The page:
Former California governor and “Terminator” star Arnold Schwarzenegger (R) has also backed efforts to, in his words, “terminate gerrymandering,” calling it “one of the biggest scams politicians have ever pulled on the American people.”

    Activists across the country are trying to make the issue more approachable for citizens. Some advocates even donned Halloween costumes in the shape of gerrymandered districts, which can resemble puzzle pieces. In Asheville, N.C., the League of Women Voters organized the “Gerrymander 5k,” during which 350 people walked or ran the meandering line that splits Asheville’s congressional and legislative districts.

    “I think redistricting reform has become a sexier issue because I think people understand it,” said Michael Li, senior counsel for the democracy program at the Brennan Center for Justice at New York University School of Law. “You go back 10, 15 years ago, and it was a really esoteric issue, it was dry, and that’s completely changed. People understand what we currently have doesn’t work and we need to fix something. And hopefully we can have a robust, nonpartisan debate about what that is.”

    [Redistricting battles heighten the stakes for 2018 gubernatorial races]

    Voters in recent years have been opting for ways to overhaul how districts are created. In 2010, California voters created a nonpartisan, citizen commission to establish the state’s voting maps. Arizona voters created an independent redistricting commission in 2000.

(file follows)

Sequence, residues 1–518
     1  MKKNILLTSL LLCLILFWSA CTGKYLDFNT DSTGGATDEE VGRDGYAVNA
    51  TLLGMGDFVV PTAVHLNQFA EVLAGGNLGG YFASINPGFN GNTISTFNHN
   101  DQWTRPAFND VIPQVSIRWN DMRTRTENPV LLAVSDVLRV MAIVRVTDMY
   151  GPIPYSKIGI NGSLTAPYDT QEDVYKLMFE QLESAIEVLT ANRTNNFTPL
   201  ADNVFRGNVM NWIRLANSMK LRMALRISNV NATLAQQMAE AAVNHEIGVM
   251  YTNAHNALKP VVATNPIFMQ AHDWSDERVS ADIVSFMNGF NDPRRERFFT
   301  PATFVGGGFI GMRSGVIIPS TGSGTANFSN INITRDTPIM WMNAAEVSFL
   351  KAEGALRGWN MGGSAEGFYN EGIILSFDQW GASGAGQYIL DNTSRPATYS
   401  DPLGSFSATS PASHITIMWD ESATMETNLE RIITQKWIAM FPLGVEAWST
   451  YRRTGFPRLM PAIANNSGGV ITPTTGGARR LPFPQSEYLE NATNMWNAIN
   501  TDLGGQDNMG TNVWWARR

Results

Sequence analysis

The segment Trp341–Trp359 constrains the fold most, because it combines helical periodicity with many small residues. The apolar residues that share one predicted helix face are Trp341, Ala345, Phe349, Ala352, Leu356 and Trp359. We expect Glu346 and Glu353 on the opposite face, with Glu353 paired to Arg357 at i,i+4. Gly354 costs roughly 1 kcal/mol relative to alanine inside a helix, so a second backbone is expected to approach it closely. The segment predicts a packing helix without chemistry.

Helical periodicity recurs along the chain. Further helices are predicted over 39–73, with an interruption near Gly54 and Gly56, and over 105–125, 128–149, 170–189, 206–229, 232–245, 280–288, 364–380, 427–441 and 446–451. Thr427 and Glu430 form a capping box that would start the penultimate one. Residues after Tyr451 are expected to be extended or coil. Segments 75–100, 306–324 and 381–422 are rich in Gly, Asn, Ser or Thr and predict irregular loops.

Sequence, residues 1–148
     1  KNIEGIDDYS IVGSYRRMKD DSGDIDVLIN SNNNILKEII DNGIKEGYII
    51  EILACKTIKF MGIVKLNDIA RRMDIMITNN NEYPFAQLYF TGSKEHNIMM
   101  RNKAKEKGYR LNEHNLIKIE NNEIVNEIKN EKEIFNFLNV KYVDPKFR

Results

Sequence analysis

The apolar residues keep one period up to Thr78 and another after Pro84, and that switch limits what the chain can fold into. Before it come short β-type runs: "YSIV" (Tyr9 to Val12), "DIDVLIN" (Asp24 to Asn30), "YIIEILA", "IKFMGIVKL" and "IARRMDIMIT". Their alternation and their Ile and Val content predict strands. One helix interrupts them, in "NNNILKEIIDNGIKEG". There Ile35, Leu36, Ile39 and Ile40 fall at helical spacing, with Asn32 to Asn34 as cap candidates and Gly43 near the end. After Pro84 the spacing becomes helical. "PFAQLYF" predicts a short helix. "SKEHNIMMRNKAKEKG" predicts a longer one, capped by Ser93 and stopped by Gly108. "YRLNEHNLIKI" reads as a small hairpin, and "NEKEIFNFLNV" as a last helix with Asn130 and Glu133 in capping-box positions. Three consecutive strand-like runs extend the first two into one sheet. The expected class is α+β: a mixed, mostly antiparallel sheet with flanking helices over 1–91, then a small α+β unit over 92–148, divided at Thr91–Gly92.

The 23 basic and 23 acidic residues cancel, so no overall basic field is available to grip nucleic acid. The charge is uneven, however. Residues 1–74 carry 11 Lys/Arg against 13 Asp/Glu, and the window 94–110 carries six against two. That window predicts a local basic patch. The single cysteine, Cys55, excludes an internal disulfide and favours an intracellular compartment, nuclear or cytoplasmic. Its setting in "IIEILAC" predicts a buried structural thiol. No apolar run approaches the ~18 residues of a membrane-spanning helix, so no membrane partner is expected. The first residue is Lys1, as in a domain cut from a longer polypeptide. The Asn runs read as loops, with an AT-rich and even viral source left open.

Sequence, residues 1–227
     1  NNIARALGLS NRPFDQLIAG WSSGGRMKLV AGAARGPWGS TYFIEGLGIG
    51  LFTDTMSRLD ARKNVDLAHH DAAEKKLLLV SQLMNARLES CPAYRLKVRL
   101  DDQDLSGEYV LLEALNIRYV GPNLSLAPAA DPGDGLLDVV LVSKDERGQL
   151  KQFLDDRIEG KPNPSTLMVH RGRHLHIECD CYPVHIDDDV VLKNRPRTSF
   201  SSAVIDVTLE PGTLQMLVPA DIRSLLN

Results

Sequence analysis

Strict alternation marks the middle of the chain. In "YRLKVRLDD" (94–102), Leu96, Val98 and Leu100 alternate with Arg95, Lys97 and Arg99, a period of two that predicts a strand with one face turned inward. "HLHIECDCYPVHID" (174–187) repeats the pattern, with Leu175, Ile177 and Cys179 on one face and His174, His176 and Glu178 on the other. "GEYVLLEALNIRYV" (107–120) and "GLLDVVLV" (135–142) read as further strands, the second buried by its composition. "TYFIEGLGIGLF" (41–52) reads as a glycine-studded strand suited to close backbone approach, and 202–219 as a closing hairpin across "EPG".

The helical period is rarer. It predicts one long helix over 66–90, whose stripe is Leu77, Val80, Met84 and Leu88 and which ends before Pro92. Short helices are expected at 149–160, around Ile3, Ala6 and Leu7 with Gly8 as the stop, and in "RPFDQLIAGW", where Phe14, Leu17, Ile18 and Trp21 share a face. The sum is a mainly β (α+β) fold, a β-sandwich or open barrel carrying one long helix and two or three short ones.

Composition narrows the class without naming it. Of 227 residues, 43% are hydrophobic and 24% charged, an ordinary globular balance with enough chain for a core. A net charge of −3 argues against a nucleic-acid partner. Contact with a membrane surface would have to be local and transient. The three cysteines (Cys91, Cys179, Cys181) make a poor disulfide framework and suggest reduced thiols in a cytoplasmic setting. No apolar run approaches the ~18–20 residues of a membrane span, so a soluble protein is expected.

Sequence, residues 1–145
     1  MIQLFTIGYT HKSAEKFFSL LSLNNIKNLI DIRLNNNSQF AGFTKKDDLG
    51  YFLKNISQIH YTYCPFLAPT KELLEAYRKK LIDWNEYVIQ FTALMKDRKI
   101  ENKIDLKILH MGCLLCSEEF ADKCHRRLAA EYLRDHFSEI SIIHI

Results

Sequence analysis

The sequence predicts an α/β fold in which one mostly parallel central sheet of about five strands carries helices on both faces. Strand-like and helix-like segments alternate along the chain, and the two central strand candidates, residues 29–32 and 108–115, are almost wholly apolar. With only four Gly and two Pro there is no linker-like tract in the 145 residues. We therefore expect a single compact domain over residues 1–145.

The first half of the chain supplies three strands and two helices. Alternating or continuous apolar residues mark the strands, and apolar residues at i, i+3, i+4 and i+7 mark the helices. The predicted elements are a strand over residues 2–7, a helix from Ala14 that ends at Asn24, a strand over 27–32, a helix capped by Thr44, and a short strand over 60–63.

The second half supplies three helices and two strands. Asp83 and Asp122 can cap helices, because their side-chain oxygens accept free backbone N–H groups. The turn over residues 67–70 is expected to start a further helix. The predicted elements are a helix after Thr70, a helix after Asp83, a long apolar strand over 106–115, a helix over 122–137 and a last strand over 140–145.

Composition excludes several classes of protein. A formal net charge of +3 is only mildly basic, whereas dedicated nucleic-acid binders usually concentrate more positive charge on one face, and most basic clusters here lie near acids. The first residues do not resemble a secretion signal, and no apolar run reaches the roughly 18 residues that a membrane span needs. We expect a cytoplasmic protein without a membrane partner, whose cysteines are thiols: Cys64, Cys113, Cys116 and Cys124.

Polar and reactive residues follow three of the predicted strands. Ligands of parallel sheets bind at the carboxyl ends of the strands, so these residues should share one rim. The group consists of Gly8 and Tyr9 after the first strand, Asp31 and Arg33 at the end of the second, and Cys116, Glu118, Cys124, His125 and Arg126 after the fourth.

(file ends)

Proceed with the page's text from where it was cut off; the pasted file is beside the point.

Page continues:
Kathay Feng, national redistricting director of Common Cause, a nonpartisan grass-roots organization, worked on the California campaign, which is now seen as a model for states that want citizen committees.

    “In California, we had a system where politicians went behind closed doors and decided where the lines were drawn and ended up hurting communities — communities of color, women interested in running, people in the way of an incumbent,” she said, noting the issue was long seen as “an insider game, that no one was paying attention to, and we were told that it’s so complicated and regular people can’t understand it. But that’s not true.”

    Republicans and Democrats have redrawn voting districts into odd shapes that benefit their parties for hundreds of years. It started in the early 1800s, when Massachusetts Gov. Elbridge Gerry signed a bill creating a redistricting plan for the state Senate, including a district that looked like a winged dragon. It gave an advantage to his party — then known as the Democratic-Republican Party — and created the term “gerrymandering.” (Gerry went on to become vice president, under President James Madison, from March 1813 until Gerry’s death in November 1814).